The circular economy is a new economic and social system that is becoming increasingly popular in Spain: researchers, entrepreneurs, public administrations and companies have already included it in their way of working. But what exactly does it consist of?
This system is mainly based on the production of goods and services while reducing consumption and waste of raw materials, water and energy sources (as defined by the Foundation for the Circular Economy). Its purpose is to:
- Improve economic performance while reducing resource use.
- Identify and create new opportunities for economic growth and boost innovation and competitiveness of the EU
- Ensure security of supply of essential resources
- Combating climate change and limiting the environmental impacts of resource use
The circular economy is the intersection of environmental, economic and social aspects, proposing a new social model to optimize materials, energy and waste to achieve greater life and efficiency in the use of resources.
In this way, resources are maximized and raw materials are reduced, becoming an alternative system to the current model of extraction, production, consumption and disposal, i.e. the linear economic model. Another reason why we need to move towards the circular economy is the increasing demand for raw materials and the scarcity of resources: as the world's population grows, so does demand.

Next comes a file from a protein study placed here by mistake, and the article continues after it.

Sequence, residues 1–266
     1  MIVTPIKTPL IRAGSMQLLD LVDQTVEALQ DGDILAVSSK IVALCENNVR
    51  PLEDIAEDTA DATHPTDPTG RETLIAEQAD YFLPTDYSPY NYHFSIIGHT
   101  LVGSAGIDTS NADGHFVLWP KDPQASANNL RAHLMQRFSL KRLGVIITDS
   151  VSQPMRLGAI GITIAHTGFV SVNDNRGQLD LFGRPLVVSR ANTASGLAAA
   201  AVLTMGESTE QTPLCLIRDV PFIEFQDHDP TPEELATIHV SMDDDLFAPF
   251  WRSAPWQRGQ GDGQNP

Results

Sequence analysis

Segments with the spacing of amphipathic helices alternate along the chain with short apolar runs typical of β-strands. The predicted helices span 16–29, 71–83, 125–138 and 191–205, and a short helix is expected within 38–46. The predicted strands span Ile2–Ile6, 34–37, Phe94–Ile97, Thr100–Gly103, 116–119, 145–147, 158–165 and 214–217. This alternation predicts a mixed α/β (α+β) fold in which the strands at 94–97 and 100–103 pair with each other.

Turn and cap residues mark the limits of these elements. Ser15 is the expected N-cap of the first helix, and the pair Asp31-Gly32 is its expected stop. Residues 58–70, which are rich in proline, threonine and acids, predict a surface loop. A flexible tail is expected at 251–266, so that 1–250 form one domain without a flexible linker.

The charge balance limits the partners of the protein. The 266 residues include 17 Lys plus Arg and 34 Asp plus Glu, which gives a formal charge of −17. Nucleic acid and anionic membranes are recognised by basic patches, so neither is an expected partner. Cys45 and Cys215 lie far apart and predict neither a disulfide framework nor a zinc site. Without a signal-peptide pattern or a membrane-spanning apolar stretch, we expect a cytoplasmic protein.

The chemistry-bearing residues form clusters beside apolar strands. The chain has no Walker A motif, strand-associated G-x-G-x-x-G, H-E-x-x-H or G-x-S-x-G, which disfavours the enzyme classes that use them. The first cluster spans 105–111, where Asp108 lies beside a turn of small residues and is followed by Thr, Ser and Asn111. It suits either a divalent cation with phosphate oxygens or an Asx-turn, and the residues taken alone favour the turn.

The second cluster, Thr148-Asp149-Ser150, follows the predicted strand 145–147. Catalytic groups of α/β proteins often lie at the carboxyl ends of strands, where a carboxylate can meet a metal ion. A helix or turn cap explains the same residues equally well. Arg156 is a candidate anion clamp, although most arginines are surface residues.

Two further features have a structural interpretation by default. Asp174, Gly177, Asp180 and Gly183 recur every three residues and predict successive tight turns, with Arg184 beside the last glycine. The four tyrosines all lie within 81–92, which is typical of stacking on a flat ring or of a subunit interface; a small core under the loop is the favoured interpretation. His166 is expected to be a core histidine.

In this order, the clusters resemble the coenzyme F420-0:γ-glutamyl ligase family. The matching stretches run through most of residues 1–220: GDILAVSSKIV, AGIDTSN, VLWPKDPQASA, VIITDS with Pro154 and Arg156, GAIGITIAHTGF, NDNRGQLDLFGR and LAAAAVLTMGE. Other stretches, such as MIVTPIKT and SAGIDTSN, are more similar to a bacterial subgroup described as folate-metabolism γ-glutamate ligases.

Obviously, the impact on the climate is the main objective, since the extraction and use of these raw materials has serious environmental consequences where energy consumption and CO2 emissions are increased, while with the circular economy a more intelligent use of these would be made and polluting emissions would be considerably reduced.
With the circular economy, absolutely all manufacturing processes and services that seriously damage the environment are reduced, thus extending its useful life and leaving aside the typical 'use and throw away' product, to guide us in a new product based on the 7Rs: Recycle, Redesign, Reduce, Reuse, Repair, Renew and Recover. This is a much more environmentally friendly system where eco-design plays a fundamental role in making decisions in the product design process, optimizing materials and waste to achieve sustainable development.
Europe currently generates more than 2.5 million tons of waste per year. In Spain, for example, our lifestyle of pure consumption means that each person generates an average of 460 kg of urban waste. To ensure that the EU makes efficient use of waste, the European Parliament approved a series of measures to implement the circular economy.
But where did the idea of the circular economy come from? This model synthesizes several schools of thought: the performance economy of Walter Stahel; the Cradle to Cradle design philosophy of William McDonough and Michael Braungart; the idea of biomimetics presented by Janine Benyus; the industrial ecology of Reid Lifset and Thomas Graedel; the natural capitalism of Amory and Hunter Lovins and Paul Hawkens; and the blue economy approach, as described by Gunter Pauli.